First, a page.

The paper is unfortunately not very readable as it’s constructed as “the patched version of the current protocol”.

via: http://www.tokutek.com/2014/07/introducing-ark-a-consensus-algorithm-for-tokumx-and-mongodb/


Whitepaper Clarifies ACID Support in Aerospike [sponsor]

Aerospike, myNoSQL’s long time supporter, has published a new paper about ACID support in Aerospike. Check out the details below:


In our latest whitepaper, author and Aerospike VP of Engineering & Operations, Srini Srinivasan, defines ACID support in Aerospike, and explains how Aerospike maintains high consistency by using techniques to reduce the possibility of partitions.

Read the whitepaper: http://www.aerospike.com/docs/architecture/assets/AerospikeACIDSupport.pdf

Original title and link: Whitepaper Clarifies ACID Support in Aerospike [sponsor] (NoSQL database©myNoSQL)


7 books for Machine Learning with R

Jason Brownlee put together a list of 7 machine learning books that make use of R:

In this post I want to point out some resources you can use to get started in R for machine learning.

Original title and link: 7 books for Machine Learning with R (NoSQL database©myNoSQL)

via: http://machinelearningmastery.com/books-for-machine-learning-with-r/


SQL-on-Hadoop: Pivotal HAWQ benchmark.

The results bore out Pivotal’s statement that HAWQ is the world’s fastest SQL query engine on Hadoop […] The paper, titled “Orca: A Modular Query Optimizer Architecture for Big Data,” includes benchmark results based on the TPC-DS, a well-known decision support benchmark that models several generally applicable aspects of a decision support system.

Pivotal’s SQL-on-Hadoop solution is based on a cost-based query optimizer.

via: http://blog.gopivotal.com/pivotal/products/pivotal-hawq-benchmark-demonstrates-up-to-21x-faster-performance-on-hadoop-queries-than-sql-like-solutions


Spark Summit 2014 roundup

I haven’t been at the Spark Summit and even if the complete event was streamed online, my agenda hasn’t allowed me to watch more than a couple keynotes. Thomas Dinsmore’s notes about the event were quite interesting to get an idea of what happened there.

One thing that caught my attention immediately:

Last December, the 2013 Spark Summit pulled 450 attendees for a two-day event. Six months later, the Spark Summit 2014 sold out at more than a thousand seats for a three- day affair.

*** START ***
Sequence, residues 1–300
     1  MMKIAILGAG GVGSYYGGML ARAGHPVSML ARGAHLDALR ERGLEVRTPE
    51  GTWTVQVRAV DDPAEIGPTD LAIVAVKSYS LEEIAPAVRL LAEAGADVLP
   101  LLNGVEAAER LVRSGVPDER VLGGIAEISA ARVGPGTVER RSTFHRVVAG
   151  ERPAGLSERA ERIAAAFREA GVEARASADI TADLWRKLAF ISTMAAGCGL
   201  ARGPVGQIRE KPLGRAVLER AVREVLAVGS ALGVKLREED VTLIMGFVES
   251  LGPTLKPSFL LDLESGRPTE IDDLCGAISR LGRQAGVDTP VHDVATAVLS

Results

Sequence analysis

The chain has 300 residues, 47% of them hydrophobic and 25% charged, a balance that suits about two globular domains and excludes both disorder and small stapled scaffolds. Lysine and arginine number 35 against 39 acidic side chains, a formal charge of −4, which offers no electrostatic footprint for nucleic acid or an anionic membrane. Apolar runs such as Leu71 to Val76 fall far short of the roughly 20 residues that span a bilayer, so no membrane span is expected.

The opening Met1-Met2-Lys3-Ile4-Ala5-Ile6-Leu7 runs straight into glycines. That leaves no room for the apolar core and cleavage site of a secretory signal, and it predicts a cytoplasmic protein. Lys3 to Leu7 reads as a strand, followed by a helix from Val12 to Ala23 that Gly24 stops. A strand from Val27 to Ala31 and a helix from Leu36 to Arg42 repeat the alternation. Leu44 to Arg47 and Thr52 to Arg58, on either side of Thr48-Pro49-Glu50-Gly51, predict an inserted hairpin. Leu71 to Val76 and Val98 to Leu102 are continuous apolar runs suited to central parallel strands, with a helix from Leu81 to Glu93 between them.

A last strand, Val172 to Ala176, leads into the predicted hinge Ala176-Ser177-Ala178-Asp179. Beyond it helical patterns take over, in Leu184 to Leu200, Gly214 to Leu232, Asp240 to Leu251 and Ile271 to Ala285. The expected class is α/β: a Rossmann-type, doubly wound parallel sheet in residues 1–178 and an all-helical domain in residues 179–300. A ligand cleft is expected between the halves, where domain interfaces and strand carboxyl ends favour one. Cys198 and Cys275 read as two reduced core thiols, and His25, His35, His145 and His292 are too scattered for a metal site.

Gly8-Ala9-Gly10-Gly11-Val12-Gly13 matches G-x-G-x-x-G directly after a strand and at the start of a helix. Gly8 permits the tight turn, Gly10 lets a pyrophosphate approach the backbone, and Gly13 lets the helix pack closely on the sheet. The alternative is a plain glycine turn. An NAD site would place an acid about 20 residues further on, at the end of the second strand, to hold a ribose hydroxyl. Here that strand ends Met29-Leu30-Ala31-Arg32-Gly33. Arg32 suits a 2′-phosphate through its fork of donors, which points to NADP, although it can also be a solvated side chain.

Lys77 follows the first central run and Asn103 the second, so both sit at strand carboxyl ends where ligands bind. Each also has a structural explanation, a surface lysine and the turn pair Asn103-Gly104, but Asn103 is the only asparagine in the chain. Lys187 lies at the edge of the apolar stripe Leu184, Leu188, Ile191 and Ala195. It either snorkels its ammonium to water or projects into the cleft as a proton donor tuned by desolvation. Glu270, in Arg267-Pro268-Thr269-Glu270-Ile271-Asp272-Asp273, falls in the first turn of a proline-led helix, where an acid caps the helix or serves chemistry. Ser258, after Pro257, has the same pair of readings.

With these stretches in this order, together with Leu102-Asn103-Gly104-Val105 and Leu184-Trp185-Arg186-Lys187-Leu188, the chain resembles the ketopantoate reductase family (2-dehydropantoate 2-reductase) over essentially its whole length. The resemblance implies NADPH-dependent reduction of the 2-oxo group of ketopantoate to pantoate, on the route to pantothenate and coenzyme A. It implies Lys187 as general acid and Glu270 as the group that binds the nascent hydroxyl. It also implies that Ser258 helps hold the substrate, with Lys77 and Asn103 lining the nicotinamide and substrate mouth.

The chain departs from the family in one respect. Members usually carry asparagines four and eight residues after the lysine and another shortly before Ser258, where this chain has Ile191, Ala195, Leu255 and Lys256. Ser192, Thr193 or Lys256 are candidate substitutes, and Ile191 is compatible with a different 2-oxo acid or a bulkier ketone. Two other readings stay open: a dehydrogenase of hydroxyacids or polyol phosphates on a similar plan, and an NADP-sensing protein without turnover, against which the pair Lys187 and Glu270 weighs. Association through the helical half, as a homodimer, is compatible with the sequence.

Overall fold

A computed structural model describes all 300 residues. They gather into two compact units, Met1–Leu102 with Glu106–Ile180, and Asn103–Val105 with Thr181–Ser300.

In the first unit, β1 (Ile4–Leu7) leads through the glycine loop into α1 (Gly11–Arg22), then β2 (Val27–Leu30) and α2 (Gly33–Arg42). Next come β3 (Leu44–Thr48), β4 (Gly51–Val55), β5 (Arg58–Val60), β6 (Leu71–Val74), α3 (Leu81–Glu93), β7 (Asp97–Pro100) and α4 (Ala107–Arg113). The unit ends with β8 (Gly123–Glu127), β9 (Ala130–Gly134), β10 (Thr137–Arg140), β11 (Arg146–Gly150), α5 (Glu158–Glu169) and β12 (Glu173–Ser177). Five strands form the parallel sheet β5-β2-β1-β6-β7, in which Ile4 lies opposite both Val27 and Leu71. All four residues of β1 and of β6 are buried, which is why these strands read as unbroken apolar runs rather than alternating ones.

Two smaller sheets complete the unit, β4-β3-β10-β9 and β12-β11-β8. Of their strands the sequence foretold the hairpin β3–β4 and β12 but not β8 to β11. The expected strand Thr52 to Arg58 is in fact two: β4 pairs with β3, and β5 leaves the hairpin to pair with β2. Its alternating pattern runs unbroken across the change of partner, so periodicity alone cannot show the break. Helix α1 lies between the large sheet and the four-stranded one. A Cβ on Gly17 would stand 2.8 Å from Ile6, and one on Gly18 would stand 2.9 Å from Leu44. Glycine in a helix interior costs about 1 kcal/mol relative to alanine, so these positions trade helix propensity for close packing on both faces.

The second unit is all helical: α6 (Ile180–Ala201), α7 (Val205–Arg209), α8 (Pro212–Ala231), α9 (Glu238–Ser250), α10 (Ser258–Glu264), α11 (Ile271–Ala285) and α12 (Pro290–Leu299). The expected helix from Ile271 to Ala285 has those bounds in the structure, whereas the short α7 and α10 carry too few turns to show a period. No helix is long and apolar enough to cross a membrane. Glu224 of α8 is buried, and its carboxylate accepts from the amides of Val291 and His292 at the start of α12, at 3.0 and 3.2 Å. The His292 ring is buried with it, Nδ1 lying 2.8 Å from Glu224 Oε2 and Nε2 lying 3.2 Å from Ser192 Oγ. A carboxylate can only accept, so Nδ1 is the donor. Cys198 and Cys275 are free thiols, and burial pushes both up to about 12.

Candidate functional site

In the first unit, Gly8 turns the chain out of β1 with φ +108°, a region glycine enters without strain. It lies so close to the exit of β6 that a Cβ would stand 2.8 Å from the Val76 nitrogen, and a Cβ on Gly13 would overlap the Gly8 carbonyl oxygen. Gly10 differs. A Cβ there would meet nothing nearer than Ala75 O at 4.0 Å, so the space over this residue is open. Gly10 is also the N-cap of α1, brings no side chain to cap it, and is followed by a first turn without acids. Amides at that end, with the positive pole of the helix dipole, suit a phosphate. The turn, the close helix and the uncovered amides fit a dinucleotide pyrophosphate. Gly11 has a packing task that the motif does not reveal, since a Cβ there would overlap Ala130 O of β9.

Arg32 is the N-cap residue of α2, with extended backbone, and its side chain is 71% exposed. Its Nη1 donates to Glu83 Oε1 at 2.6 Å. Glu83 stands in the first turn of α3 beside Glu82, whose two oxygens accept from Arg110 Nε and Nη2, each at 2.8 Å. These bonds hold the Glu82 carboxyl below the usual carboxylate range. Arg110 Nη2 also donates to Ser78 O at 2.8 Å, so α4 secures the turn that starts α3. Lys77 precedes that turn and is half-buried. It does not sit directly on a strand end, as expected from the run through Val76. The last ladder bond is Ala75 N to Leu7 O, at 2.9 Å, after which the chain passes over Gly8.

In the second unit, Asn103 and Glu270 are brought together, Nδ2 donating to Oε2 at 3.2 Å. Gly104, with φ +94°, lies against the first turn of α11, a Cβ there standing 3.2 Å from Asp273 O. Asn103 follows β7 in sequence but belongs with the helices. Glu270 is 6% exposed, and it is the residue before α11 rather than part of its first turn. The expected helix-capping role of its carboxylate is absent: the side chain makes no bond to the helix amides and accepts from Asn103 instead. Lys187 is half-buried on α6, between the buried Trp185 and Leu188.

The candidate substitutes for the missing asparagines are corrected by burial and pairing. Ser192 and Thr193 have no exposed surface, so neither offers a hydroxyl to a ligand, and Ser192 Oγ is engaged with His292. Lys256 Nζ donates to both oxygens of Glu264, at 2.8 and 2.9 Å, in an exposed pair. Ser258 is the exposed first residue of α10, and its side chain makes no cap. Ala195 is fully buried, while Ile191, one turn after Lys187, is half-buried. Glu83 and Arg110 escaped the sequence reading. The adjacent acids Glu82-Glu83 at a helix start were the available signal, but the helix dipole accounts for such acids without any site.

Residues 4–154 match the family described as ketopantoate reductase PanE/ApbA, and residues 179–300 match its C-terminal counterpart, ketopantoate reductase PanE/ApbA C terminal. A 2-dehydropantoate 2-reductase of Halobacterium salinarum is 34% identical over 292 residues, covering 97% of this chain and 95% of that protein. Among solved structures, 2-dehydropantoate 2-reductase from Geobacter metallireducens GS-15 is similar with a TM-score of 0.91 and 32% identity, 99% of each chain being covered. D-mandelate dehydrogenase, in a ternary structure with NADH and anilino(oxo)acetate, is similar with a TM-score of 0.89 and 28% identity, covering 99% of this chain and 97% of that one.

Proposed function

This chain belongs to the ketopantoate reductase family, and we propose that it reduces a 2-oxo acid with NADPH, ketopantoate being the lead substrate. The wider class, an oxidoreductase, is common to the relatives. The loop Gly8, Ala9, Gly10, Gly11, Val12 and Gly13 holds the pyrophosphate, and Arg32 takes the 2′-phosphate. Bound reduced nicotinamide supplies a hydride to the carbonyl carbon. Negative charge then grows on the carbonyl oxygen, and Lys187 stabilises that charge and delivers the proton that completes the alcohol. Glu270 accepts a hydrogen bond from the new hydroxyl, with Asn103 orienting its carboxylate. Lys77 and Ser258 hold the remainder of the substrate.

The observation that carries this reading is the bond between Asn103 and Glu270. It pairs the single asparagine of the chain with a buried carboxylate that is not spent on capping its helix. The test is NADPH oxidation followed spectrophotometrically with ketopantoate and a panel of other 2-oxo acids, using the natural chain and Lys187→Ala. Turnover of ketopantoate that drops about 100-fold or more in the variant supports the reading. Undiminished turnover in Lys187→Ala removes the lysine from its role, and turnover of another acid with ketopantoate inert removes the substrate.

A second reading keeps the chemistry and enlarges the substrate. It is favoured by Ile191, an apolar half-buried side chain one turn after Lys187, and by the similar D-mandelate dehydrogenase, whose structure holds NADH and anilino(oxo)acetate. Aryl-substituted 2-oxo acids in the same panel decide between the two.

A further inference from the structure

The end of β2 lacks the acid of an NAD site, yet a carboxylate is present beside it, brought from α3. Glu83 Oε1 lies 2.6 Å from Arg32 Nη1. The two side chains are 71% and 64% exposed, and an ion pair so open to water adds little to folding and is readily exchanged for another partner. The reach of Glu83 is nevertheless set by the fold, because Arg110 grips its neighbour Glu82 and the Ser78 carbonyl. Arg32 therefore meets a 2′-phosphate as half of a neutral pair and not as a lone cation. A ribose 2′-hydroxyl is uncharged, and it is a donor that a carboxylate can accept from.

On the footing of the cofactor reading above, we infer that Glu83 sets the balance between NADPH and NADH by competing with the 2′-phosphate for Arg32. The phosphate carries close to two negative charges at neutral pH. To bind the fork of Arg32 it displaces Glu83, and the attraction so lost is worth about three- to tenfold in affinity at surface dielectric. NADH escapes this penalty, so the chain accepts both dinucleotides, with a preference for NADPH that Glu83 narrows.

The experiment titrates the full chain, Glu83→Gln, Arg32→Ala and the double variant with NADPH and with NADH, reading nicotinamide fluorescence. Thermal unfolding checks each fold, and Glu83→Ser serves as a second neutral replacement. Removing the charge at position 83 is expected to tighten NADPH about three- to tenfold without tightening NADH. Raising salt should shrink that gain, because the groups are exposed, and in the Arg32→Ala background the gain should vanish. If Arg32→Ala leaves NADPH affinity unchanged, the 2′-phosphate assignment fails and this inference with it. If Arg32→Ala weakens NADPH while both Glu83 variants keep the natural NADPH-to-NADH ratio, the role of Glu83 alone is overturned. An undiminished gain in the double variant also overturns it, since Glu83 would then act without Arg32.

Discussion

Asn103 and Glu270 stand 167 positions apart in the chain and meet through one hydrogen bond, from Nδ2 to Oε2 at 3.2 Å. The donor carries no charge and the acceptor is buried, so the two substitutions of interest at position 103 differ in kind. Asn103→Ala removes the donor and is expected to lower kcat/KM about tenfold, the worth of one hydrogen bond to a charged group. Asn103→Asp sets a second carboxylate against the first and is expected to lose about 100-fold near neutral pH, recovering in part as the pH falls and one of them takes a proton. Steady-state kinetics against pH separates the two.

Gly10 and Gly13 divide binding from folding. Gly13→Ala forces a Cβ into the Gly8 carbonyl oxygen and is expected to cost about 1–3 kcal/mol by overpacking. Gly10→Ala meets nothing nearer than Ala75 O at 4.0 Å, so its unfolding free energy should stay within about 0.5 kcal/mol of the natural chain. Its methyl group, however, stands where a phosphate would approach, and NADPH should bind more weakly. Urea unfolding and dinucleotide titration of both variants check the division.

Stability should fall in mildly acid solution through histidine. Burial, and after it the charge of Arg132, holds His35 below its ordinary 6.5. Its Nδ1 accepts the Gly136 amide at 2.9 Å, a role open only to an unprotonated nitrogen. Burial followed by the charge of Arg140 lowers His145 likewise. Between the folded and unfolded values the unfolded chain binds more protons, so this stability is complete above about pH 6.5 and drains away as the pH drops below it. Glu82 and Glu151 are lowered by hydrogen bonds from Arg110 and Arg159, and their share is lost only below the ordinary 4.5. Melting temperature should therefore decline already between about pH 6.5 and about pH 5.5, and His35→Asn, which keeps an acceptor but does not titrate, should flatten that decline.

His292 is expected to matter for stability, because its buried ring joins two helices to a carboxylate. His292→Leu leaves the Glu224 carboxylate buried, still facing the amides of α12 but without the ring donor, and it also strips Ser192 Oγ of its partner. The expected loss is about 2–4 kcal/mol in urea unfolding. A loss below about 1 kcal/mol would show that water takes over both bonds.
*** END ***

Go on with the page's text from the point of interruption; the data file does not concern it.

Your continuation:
Original title and link: Spark Summit 2014 roundup (NoSQL database©myNoSQL)

via: http://thomaswdinsmore.com/2014/07/03/spark-summit-2014-roundup/


The expanding alternative universe of Hadoop

Merv Adrian:

Hadoop has moved from a coarse-grained blunt instrument for largely ETL- style workloads to an expanding stack for virtually any IT task big data professionals will want to undertake. What is Hadoop now? It’s a candidate to be the alternative universe for data processing, with over 20 components that span a wide array of functions.

As the Hadoop alternative universe is expanding, its complexity continues to grow too. The whole purpose of bBig data platforms” from Cloudera and Hortonworks is to make this universe navigable, but it feels the majority of travelers still needs a lot of patience and courage to discover it.

Original title and link: The expanding alternative universe of Hadoop (NoSQL database©myNoSQL)

via: http://blogs.gartner.com/merv-adrian/2014/06/28/what-is-hadoop-now/


Benchmark(et)ing

Mark Callaghan:

Benchmarketing is a common activity for many DBMS products whether they are closed or open source. Most products need new users to maintain viability and marketing is part of the process. The goal for benchmarketing is to show that A is better than B. Either by accident or on purpose good benchmarketing results focus on the message A is better than B rather than A is better than B in this context. Note that the context can be critical and includes the hardware, workload, whether both systems were properly configured and some attempt to explain why one system was faster.

He’s very right about every aspect in the post.

Maybe the only small edit I’d make would be to emphasize once more that the context is critical and if left out it’ll invalidate the value of the benchmark.

Original title and link: Benchmark(et)ing (NoSQL database©myNoSQL)

via: http://smalldatum.blogspot.com/2014/06/benchmarketing.html